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As a learning exercise, I'm writing an emulator for the 6809 CPU. I'd like to simulate the speed of the CPU. I know the Motorola 6809E runs at 0.895 MHz and 1.79 MHz on the Color Computer 3. How do I figure out how many milli/nano seconds a cycle takes, so know how long of a delay I need on my modern machine?

  • Great first question! Usually you would check the specifications, but I'm not sure of the standardisation of the specs at the time most of these chips were released. – wizzwizz4 Jun 20 '16 at 21:24
  • Thanks @wizzwizz4 Although the problem wasn't knowing the specifications (I already knew the speeds of the CPU), it was knowing how tie the speed in MHz to the speed in seconds, which then shows how long to delay between instructions. The answer was perfect in this respect. – patterson7019 Jun 22 '16 at 19:56
  • It was, and I upvoted it! I'm glad you're still active; I thought we might've scared you off by deleting that answer. – wizzwizz4 Jun 23 '16 at 5:55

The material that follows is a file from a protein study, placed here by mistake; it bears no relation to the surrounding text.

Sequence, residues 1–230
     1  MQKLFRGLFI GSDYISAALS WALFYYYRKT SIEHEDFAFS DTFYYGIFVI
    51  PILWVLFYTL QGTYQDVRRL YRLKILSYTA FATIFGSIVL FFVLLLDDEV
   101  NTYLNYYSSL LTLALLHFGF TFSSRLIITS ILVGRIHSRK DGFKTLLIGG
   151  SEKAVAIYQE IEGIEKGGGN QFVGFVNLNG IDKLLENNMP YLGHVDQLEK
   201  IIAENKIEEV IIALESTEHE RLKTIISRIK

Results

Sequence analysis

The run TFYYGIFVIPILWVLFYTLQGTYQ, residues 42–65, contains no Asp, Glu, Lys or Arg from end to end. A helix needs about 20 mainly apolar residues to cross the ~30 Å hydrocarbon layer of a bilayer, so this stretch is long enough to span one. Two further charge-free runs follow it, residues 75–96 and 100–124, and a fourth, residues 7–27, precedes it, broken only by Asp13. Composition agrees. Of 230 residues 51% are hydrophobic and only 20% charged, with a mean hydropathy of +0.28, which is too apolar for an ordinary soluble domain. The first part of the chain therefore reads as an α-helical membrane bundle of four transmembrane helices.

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It's one divided by the clock. So for 0.895 MHz divide 1 by 895000 and the answer is 1.117318 micro seconds. for 1.79 Mhz it's 558.6592 nano seconds.

I suspect however that the clock will be some multiple of NTSC timing (or PAL for European computers).

Wikipedia gives NTSC timing as 3.579545Mhz which divided by four gives 0.89488625Mhz (i.e. nearly your 0.895) with a cycle time of 1.11746045 micro seconds.

Note that in practice the timing for all this will not be to anywhere near this sort of accuracy IQD data sheets show that ±10 to ±50ppm is typical.

(edit) According to the wikipedia page the CoCo uses a 14.31818 MHz crystal so divide down by either 8 or 16 before calculating.

  • According to the contemporary service manuals from Tandy, the CoCo 1 and 2 used a 14.31818 MHz crystal for its master clock, while the CoCo 3 used a 28.63636 MHz crystal (for NTSC; PAL CoCo 3s used a 28.4750 MHz crystal resulting in slightly lower clocking of the CPU...and there was apparently a PAL CoCo 2, but I don't have its manual). – Michael Hampton Jun 25 '16 at 4:05
  • The difference between 894.88 and 895 is an error of about one part per ten thousand? Can you tell the difference between a car going at 60mph and 60.008mph? :-) – user6464 Oct 12 '18 at 12:26
  • Given the crystal accuracy I would agree. However I was trying to show where the number comes from. – PeterI Oct 12 '18 at 17:57

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